This past summer we had a major drought. It was so bad the town of Fishers, where I live, instituted a burn ban. The grass in my yard was decimated by the dryness, so I took action on a project my wife and I had talked about for a long time. So what did I decide to do during a burn ban? I made a firepit. One particular spot in my backyard is notorious for turning brown each summer in spite of watering and other special care, so this summer with the excessive heat and dryness was no different. I decided that since the grass was suicidal in that area, I would just help it along and dig a big hole in that area and line it with the multitude of flagstone I had lying around from a deteriorating landscaping project by my home's previous owner.
Here's a little journey through my project.
The rain finally fell and filled my firepit... I mean swimming pool. I was glad to have the rain soften the ground.
The hole is finished and the sprinkler line is redirected. Next, I dug a one foot diameter by one foot deep drain and filled it with rock. Over the entire base of the pit I first put four inches of rock and then four inches of sand. It really hurt filling in the hole I had just dug.
I covered the four inches of rock at the bottom of my firepit with about four inches of sand to cover the entire bottom of the firepit. I lined the firepit with flagstone to create the walls of the pit.
After building up the rock walls, I topped it with the biggest stones and filled in the outer edges with dirt.
After finishing the firepit, I decided to add a border of pea pebbles around it so I wouldn't have to weedwhack the grass growing in between the stones. Here I started defining the circular border.
After removing the grass around the firepit, I put in a metal trim that could be shaped into a circle and sunk into the ground. This helps me keep most of the pebbles out of the grass. The metal trim came in eight and four foot lengths. I used three eight foot pieces and one four foot piece. Hard to believe that the circumference of the pit was 24 feet.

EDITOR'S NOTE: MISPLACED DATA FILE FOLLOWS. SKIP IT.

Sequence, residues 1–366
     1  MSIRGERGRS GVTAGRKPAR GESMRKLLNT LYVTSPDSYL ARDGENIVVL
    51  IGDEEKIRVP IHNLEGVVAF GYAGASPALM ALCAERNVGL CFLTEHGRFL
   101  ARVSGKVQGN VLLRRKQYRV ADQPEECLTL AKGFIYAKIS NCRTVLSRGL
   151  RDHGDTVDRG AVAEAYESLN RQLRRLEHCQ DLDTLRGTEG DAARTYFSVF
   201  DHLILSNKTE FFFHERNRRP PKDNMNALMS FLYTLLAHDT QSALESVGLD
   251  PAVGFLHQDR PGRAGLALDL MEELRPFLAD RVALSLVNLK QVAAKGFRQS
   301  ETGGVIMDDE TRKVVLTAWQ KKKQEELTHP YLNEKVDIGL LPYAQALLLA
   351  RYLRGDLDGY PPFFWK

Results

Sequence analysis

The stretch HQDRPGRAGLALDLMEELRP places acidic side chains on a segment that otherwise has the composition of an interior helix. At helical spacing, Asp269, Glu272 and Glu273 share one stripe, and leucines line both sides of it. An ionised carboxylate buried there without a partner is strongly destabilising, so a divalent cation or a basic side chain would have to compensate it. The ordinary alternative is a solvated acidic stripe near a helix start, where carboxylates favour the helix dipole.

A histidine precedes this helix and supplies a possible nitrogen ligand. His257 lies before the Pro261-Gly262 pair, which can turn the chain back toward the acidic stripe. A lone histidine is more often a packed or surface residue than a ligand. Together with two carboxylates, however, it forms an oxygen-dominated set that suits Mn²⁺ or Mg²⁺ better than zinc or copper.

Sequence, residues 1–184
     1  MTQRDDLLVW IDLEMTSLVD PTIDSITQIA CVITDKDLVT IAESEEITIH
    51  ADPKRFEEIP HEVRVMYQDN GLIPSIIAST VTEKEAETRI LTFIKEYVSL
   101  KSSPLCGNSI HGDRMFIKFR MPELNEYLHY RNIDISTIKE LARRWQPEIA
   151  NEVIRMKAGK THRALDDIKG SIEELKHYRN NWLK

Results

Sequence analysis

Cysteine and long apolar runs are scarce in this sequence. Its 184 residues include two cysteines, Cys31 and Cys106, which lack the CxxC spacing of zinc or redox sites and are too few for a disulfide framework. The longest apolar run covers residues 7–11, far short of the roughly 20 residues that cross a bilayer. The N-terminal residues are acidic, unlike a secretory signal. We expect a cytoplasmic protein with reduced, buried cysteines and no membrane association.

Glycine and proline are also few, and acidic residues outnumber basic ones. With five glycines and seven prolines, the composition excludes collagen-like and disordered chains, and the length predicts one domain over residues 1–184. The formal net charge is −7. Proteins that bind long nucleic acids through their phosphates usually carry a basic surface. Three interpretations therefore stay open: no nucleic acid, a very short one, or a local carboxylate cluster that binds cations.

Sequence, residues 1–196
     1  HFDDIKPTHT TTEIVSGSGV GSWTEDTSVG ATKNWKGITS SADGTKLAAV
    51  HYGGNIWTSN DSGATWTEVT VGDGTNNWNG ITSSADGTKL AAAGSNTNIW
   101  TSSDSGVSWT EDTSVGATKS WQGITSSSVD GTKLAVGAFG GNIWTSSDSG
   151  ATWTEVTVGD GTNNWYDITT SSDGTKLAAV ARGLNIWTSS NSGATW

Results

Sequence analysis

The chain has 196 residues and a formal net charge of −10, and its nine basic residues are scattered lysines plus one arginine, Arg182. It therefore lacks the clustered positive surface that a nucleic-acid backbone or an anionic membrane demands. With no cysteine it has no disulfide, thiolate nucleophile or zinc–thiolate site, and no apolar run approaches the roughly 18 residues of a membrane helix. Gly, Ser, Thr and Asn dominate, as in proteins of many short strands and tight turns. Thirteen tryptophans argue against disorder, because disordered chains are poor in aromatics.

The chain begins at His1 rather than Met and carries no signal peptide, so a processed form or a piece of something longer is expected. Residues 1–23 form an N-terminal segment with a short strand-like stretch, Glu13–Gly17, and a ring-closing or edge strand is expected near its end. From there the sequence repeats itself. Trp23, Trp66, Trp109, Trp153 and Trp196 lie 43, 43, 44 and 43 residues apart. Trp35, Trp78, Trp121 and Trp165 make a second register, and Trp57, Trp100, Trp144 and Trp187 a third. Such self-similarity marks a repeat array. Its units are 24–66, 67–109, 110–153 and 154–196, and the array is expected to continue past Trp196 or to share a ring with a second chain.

Here's a close up of the final project. That's a root in the middle of the pit which I plan to burn. It came from a nasty sticker bush by our house. I think it looks cool.
This is a wider shot of the completed project. You'll notice I also put in four tons of river rock along the back of my house.Like every project I dream about and then actually take action on, this one took a lot longer than I expected. When I first thrust my shovel into the rock hard ground, it was mid July and I had a plan to complete the pit in two days. What could be so hard about digging a two foot deep hole and stacking a bunch of rocks in a circle? Two and a half months later I had the answer... HARD. I'm a bit embarrassed to say I started this around the weekend of July 14th and finished on September 23rd, but it did include four tons of river rock, laying down a lot of weed block, and a few days off for that thing called work. Still, it was no weekend project as I had originally imagined. The best part is that it is complete, and the burn ban has been lifted. Now it's time to roast marshmallows. Here are a few more pictures from the rest of our backyard project.
Staining the playset.
Four tons of river rock.
This is the back of our house before we put in the river rock and cut down the arbor on the left.
We had a lot of sand and stone up close to the house. Part one was to remove all that.
I laid down weed block after removing a lot of sand and dirt from around the back of the house.
That was two bags of river rock from the store, which confirmed that we could get a better deal on a lot of rock from the local rock quarry. Four tons of rock was perfect.
Elisabeth stained our remaining arbor.
Elisabeth standing on top of the ladder.
The fact that she was still smiling after all this.
The final result with stained arbor and river rock put in.
Jack and Elisabeth Lugar are part of The Lugar Real Estate Team in Fishers, IN at Century 21 Scheetz.